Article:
A Tale of Three Cities
Charles Dickens may have been referring to London and Paris when he wrote ‘The Tale of Two Cities’ in 1859, but today he may have considered The Tale of Three Cities as the focus for a book effectively about emancipation of the masses.
Devolution is in a way a revolution, albeit one inspired by government itself rather than by the proletariat.
The Great Western Cities of Bristol, Cardiff, and Newport, are three middle weight British Cities who are seeking ever greater collaboration in the hope of benefiting the region they represent better than is currently being done separately.
It is just as quick to drive or get the train over to Cardiff from Bristol (50 minutes) for dinner as it is to travel from say Ealing to Chiswick in London by tube. With the electrification of the railway about to happen, getting the train will be even quicker in future, and of course you can have a drink with your dinner too!
Bristol Mayor, George Ferguson is quoted as saying he would like the train time reduced to 30 minutes which looks very achievable to me.
Travel times are the critical thing in my opinion. It doesn’t really matter how far somewhere is, it’s how long it takes you to get there that’s the real issue.
Bristol, Newport, and Cardiff, currently considered the Great Western Cities, are linked by excellent rail and road connections and already produce more commuter interactivity than the routes between Manchester and Leeds or Manchester and Liverpool, an area now referred to as The Northern Powerhouse.
With three forward thinking councils showing inspired leadership The Great Western Cities are about to become a major Western Powerhouse.
Already these three are net contributors to the UK economy, something that cannot currently be said for the newly termed Northern Powerhouse.
Bristol, which is only around 1.5 hours from London is the de-facto capital of the West Country and has two excellent universities. The University of The West of England (ranked 62) in the UKs best Universities and Bristol University (ranked 15th)
Newport too has its own university. The University of South Wales, (ranked 102) with its stunning state of the art riverside campus, located right in the centre of Newport. Charles Dickens would be pleased because USW offers a well thought of creative writing degree course among many others.
With an ambitious brand new student village with crisp, ultra modern, ‘super large’ apartments, containing every amenity, including flat screen TVs, superfast broadband connection & a free student bike scheme planned only minutes from Newport city centre campus makes USW well placed to grow exponentially over the next decade.
Newport itself is right at the heart of The Great Western Powerhouse region and forms the central position between the larger centres of Cardiff and Bristol. As I say the three are often referred to as The Great Western Cities or GWC.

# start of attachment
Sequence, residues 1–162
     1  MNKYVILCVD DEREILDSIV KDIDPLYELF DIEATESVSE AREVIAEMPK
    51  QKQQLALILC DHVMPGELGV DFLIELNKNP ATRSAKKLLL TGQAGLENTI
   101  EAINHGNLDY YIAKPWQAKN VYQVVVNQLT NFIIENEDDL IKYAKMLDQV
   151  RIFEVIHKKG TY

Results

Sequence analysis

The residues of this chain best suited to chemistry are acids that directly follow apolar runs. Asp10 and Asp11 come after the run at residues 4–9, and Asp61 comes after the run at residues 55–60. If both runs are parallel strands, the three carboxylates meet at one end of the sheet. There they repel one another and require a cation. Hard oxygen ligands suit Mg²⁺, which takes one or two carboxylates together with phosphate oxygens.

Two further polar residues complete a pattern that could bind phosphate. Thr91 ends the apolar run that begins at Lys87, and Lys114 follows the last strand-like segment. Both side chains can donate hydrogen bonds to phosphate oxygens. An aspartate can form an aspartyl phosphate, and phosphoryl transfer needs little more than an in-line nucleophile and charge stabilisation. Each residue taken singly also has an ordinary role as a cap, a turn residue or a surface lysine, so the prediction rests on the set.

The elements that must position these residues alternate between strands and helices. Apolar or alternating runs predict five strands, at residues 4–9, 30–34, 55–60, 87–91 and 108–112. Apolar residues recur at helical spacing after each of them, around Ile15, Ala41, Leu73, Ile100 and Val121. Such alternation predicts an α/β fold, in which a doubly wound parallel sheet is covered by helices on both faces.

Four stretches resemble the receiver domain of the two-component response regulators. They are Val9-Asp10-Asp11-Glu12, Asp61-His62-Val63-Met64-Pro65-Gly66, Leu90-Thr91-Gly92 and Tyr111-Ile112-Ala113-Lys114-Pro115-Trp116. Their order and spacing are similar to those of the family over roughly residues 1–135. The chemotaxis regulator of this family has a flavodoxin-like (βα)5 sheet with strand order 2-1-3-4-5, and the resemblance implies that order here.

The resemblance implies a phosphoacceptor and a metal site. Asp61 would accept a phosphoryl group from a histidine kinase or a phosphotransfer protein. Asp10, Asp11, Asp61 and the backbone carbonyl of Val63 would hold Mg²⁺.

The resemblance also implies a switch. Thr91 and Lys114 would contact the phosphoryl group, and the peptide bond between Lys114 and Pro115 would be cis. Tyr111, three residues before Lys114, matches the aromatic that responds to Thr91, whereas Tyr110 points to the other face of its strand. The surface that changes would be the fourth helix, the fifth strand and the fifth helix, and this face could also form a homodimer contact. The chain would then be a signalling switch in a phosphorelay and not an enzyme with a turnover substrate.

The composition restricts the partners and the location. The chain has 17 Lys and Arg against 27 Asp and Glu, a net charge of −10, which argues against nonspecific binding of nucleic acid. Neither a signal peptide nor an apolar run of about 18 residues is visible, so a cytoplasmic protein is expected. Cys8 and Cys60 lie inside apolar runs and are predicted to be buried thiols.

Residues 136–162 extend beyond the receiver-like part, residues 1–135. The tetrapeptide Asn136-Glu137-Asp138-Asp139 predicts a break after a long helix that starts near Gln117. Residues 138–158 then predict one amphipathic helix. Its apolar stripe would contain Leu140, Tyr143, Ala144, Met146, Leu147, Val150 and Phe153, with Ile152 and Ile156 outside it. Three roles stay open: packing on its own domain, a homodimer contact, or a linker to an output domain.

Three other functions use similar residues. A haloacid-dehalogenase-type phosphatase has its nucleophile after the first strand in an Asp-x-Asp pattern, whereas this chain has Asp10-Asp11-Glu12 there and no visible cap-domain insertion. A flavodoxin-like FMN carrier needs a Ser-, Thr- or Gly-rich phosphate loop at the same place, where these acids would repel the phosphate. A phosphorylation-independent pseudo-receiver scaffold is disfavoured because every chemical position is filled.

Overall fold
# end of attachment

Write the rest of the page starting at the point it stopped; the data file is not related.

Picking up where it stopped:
In the past Newport has often lost out on inward investment due to the perceived power of Bristol and Cardiff but increasingly it is being viewed as a major investment opportunity due to its high speed broadband connection and its location at the centre of The Great Western Cities area.
With the brand new shopping mall Friars Walk, which opened in November 2015, Newport now has many attractions you would expect of a city growing in importance, including a multiplex cinema right opposite the University Campus.
There are also all the food brands you would expect, including TGI Friday, Nandos, Coffee One, etc etc and being only twelve minutes by train from Cardiff, Newport is becoming a very attractive location in which to live and work.
Cardiff University (ranked 31st) is also of international repute, with well established student numbers providing a vibrant community.
If the area west of London is not to lose out to the north and metropolitan midlands as devolution expands, the success of the GWC initiative is essential.
The area has a large and diverse skilled workforce, first class educational facilities, and is exceptionally attractive for individuals and families to live and work in.
Bristol vibrates to the hustle and bustle expected of an established historic and cultural centre with over 440,000 people in it. It has won ‘Best Place in Britain to Live’ on several occasions and was European Green City in 2015.
The Welsh capital of Cardiff, whilst smaller at around 320,000, feels much the same. Newport, fast growing and currently with a population in excess of 140,000 continues its upward projection.
The three together with all their hinterlands provide the centers for nearly 2 million people across a diverse ethnicity and skill base.
In this instance the word ‘Powerhouse’ is properly descriptive.
The Great Western Powerhouse has a certain ring to it and anything that promotes growth must surely be listened to by government.